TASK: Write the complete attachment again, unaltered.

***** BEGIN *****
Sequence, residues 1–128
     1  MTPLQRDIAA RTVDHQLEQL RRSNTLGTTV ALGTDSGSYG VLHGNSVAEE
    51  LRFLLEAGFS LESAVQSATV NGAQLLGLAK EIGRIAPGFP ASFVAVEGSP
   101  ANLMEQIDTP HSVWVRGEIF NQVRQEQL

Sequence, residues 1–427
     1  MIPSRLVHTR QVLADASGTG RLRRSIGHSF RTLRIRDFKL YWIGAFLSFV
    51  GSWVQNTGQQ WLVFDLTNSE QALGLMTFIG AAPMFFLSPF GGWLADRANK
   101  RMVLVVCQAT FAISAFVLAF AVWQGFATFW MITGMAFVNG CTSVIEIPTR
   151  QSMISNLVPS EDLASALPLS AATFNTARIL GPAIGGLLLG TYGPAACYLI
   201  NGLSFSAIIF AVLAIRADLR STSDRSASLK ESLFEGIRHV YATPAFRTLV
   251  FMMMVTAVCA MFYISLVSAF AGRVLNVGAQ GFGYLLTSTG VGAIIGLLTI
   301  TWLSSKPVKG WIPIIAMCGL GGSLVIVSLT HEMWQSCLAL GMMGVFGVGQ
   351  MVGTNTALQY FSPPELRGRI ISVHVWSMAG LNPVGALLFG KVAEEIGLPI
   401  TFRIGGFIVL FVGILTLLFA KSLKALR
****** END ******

Sequence, residues 1–128
     1  MTPLQRDIAA RTVDHQLEQL RRSNTLGTTV ALGTDSGSYG VLHGNSVAEE
    51  LRFLLEAGFS LESAVQSATV NGAQLLGLAK EIGRIAPGFP ASFVAVEGSP
   101  ANLMEQIDTP HSVWVRGEIF NQVRQEQL

Sequence, residues 1–427
     1  MIPSRLVHTR QVLADASGTG RLRRSIGHSF RTLRIRDFKL YWIGAFLSFV
    51  GSWVQNTGQQ WLVFDLTNSE QALGLMTFIG AAPMFFLSPF GGWLADRANK
   101  RMVLVVCQAT FAISAFVLAF AVWQGFATFW MITGMAFVNG CTSVIEIPTR
   151  QSMISNLVPS EDLASALPLS AATFNTARIL GPAIGGLLLG TYGPAACYLI
   201  NGLSFSAIIF AVLAIRADLR STSDRSASLK ESLFEGIRHV YATPAFRTLV
   251  FMMMVTAVCA MFYISLVSAF AGRVLNVGAQ GFGYLLTSTG VGAIIGLLTI
   301  TWLSSKPVKG WIPIIAMCGL GGSLVIVSLT HEMWQSCLAL GMMGVFGVGQ
   351  MVGTNTALQY FSPPELRGRI ISVHVWSMAG LNPVGALLFG KVAEEIGLPI
   401  TFRIGGFIVL FVGILTLLFA KSLKALR